“Were we made for this”
December 16, 2009
Alex kindly invited me to provide a piece as a guest on his blog having looked at a recently completed piece I did in reaction to the incredible amount of money being spent on the Vancouver 2010 Winter Olympics.
I watched the raising of the city's first big corporate sponsored building advertisement, over the façade of the landmark Bay store, at the corner of Granville and Georgia. It wasn’t so much the shots of the Bay clad athletes (I applaud dedication and the spirit of the Olympians) that took my attention, but the marketing phrase “We were made for this”, then looked at all four corners of the intersection only to see the signs of Vancouver’s ongoing shame in the form of three regular and homeless individuals vying for their daily needs from passers-by and I truncated the marketing with “Were we made for this”, and the accompanying pictures of the homeless speaks for itself.
We’ve all read in the local, national, and even international press about the ever increasing issue of homelessness in our city. We’ve heard our politicians talk the talk, but the problem seems to increase each year with little political will to create a climate of caring and more importantly change for those less fortunate in our society, the homeless.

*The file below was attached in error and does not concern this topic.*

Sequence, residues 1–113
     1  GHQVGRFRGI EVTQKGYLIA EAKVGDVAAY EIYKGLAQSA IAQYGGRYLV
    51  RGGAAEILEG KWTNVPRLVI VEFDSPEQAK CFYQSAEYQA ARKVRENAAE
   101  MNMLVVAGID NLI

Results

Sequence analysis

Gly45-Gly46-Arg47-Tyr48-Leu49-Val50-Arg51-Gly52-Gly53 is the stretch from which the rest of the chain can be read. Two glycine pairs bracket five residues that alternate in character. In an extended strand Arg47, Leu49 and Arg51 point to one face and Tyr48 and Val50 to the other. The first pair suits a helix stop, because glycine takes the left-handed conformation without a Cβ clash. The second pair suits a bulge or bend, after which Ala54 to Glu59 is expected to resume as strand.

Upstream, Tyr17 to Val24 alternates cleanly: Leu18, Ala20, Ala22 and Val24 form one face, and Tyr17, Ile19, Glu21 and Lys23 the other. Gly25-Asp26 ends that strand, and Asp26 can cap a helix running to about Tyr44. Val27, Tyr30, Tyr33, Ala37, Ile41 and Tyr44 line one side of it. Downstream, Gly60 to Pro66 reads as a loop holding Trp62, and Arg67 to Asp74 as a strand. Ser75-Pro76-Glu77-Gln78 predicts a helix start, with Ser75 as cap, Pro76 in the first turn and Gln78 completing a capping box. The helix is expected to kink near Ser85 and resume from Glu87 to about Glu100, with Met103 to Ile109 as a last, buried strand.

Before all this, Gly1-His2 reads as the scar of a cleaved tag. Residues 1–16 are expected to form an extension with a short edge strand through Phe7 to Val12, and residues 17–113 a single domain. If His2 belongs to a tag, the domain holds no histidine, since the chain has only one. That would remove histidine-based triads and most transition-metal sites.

The facts “Greater Vancouver’s homeless crisis continues to grow at a “stunning” and “shocking” rate, with a 373-per-cent increase in street homelessness since 2002”, a story in The Vancouver Province, September 17, 2008, demonstrating the reckless disregard and neglect of a long standing issue in our city, and yet, we can spend (and ESTIMATED as we speak) $600 million dollars on this 4 week corporate event for a privileged few to travel on a road going nowhere for the average BC resident, legacy projects that serve an elite and small group of Vancouver citizens and the promise this will boost investment and tourists to our fine city, province and country. We are told, or it is implied, we should perhaps stay away during the event, and watch the mushrooming over the wall security network, being paid by you and I, push the likely cost of these games to over $600 million.
Ian Bateson, Creative Director
Baseline Type & Graphics
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